Updated Thursday, May 17, 2012 at 10:48 a.m. CDT
A Whitehouse woman who admitted to a jury on Wednesday to dumping the body of her mentally challenged babysitter and setting it on fire in June 2010 had a history with her mother and children that included physically violent arguments, her testimony revealed.
Kimberly Cargill, 45, who has been charged in the killing of Cherry Walker, took the stand in her own defense Wednesday, saying Ms. Walker had a seizure while the two were returning from dinner on June 18, 2010. Earlier testimony revealed that Ms. Walker had a history of seizures for which she took medication.
Ms. Walker had been set to testify against Ms. Cargill in a child custody hearing on June 23, 2010, but the victim's partially burned body was found on County Road 2191 on June 19, 2010. The coroner who performed the victim's autopsy said in testimony on Tuesday that she was unable to determine exactly how Ms. Walker died.
Wednesday marked the eighth day of testimony in the capital murder trial of Ms. Cargill, who faces the death penalty if convicted.
She told Smith County District Attorney Matt Bingham that she didn't stop to make a U-turn on Beckham Street to get Ms. Walker to a hospital because she didn't want to “block traffic.”
Once there in the victim's apartment parking lot, Ms. Cargill said she stopped the car and ran to the passenger side of vehicle where she opened the car door. “She fell out of the door … on to her side,” Ms. Cargill told the jury.
The defendant said the victim was “unresponsive” when they arrived at the parking lot and that she ran door to door at the apartment complex trying to find help. When she could fine none, she returned to where Ms. Walker was laying and tried unsuccessfully to perform CPR.
After being unable to revive Ms. Walker, Ms. Cargill said she panicked and loaded the woman's body into her car floorboard, where she drove around for half an hour before dumping the victim on an isolated Smith County road and setting the body on fire.
The prosecutor showed the inconsistencies of Ms. Cargill's behavior and testimony by talking about the video shown of her inside the Whitehouse Police Department inquiring about a lost dog on June 19, 2010, the day Ms. Walker's body was found.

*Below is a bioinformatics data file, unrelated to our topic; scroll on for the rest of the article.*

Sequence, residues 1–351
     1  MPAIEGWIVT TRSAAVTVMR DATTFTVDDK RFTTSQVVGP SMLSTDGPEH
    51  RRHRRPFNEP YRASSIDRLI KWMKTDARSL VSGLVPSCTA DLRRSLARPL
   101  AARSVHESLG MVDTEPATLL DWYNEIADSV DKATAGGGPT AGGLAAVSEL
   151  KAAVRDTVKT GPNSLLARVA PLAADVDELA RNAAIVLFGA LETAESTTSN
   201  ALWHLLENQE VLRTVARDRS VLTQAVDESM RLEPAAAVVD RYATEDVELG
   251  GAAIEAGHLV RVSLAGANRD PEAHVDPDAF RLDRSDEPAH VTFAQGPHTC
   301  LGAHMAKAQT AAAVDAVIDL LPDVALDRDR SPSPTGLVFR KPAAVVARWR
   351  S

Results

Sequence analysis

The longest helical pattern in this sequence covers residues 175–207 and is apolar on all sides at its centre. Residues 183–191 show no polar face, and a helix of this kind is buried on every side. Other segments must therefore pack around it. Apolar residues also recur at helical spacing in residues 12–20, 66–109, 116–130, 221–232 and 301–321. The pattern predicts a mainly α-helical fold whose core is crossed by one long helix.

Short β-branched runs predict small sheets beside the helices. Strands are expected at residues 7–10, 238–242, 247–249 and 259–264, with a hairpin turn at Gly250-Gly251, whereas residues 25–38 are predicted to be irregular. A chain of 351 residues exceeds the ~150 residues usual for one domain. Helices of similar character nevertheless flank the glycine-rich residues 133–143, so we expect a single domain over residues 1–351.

“Why aren't you crying on the Whitehouse video?” Bingham asked Ms. Cargill. “I was in denial there,” the defendant responded. When Bingham said Ms. Cargill seemed happy on the video as she inquired about her lost dog, she responded that “it was just an act.”
“Did you shed one tear for Cherry Walker?” Bingham asked Ms. Cargill. “I've shed many tears, just not on the video,” she responded.
Ms. Cargill testified that also on June 19, 2010, she washed her car and drove past Ms. Walker's body again to see if anyone had discovered it.
She also testified she could tell Ms. Walker was upset about receiving the subpoena. “She was upset because she thought I had subpoenaed her,” Ms. Cargill said.
In earlier testimony, Bingham made reference to Ms. Cargill stating that she would take Ms. Walker to “hide out” at her house after Ms. Walker had been subpoenaed.
The defendant admitted she had “anger issues” and detailed the loss of custody of her four sons to their fathers, and an instance where she put her hand across her mother's throat “because she was in my face.”
Ms. Cargill also said she and one of her older sons got into an altercation where the police were called after she bit the boy “as hard as she could” on the shoulder. “He had me in a chokehold after I tried to hit him with a belt,” the defendant said.
In his opening statements to the jury, which he had waived when the trial began on May 7, defense attorney Brett Harrison said that most of what they had heard so far was accurate and the defense “agreed with a lot of the testimony.”
He said Ms. Cargill consented to a swab of her cheek to test her DNA. “Kim was with Ms. Walker when she died, she tried to perform CPR, and she drove to Oscar Burkett Road,” Harrison said as his client went to take the stand.
Other defense witnesses who testified Wednesday included Ms. Walker's case worker at the Andrews Center from 2007-2009, Brenda Whitaker. Ms. Whitaker said Ms. Walker was a certified babysitter who had taken classes.
“She was not having problems with babysitting,” Ms. Whitaker said. “Cherry still liked babysitting. She liked earning extra money.”